As multiple airports open up to serve large urban areas, airports and airlines will have to create coordination mechanisms to ensure that passengers are optimally served. Distribution of slots, terminals, arrival and destination cities, international terminal etc. will be important issues that the industry will need to deal with. Clear guidelines, with or without financial incentives, need to be crafted by the aviation ecosystem so that such transitions are smooth and rule-based. 

A policy regime for both brownfield and greenfield airports is necessary to attract global investors and offer Indian passengers an affordable travel
Understanding airport economics

Larger airports, those with more than 5 million passengers per year, are typically quite profitable simply on the basis of the aeronautical and the non-aero revenues that they earn. Traditionally in India, the value that the airport generates is shared with the local state government or the government airport operator as a revenue share. Large airports may even be commercially sustainable with low user fees or even without city-side development rights, if the revenue share is low.

Smaller airports tend to be unprofitable. There can be multiple approaches to making them viable on their own (allowing for more city-side development rights, capex and/or opexsupport from the local state, municipality or industry, etc.) or in a cluster (by bundling in a few smaller airports with one or two commercially viable airports). With the Ude Desh Ka Aam Naagrik (UDAN) Regional Connectivity Scheme taking off across the country, we are evaluating various approaches for operating smaller, unprofitable airports.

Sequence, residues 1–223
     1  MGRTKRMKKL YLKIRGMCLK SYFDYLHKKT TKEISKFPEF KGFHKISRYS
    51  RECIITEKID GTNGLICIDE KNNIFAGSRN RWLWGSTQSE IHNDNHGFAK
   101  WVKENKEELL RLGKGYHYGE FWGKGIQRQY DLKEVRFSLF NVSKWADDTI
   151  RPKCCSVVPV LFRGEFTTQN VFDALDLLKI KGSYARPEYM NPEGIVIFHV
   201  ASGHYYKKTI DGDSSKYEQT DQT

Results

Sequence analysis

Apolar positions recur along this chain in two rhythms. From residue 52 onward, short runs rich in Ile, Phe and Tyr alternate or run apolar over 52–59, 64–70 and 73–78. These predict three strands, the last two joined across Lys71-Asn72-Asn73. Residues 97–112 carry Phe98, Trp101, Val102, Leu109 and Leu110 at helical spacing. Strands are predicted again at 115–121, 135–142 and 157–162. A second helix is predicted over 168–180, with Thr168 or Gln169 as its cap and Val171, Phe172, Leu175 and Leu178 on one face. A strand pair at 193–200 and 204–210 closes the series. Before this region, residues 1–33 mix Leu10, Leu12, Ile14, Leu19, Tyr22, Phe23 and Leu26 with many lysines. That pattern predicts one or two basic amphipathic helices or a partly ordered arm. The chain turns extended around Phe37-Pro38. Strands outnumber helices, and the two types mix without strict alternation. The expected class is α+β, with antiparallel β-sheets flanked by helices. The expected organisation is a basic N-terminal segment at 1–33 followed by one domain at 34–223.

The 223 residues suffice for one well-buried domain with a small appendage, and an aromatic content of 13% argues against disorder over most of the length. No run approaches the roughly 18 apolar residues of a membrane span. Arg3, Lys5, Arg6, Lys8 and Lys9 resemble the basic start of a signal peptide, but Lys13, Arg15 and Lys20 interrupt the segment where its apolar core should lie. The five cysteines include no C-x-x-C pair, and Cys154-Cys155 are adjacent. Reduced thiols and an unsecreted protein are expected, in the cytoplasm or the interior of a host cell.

Tenure duration and the rights embedded in the option to renew can significantly create or take away value from the concessionaire. Global practice has varied from freehold (UK privatisation) to 99 years (Melbourne) to 20 years (Santiago), with median ranging around 30 years with an option to renew for another 30. Further extension of the concession period beyond 60 years may only marginally improve financial viability as the present value of projected cash-flows after 60 years not material.

Phasing out capital expenditure can help the operator improve project viability significantly even as government, passengers and airlines prefer front-loading. Setting stringent service level agreements for the airports with the other stakeholders can help guide the timing of capital investments by the concessionaire.

As India embarks on NextGen Airports for Bharat (NABH) Nirmaan, a large airport capex programme to quintuple airport capacity over the next 15 to 20 years, we are working to establish a stable and balanced approach to meet stakeholder needs. Such a policy regime for both brownfield and greenfield airports is necessary to attract global investors and offer Indian passengers an affordable and delightful travel experience.
(Concluded)

The author is Minister of State for Civil Aviation. He acknowledges the support of AkhileshTilotia, his OSD, in this series. Views are personal.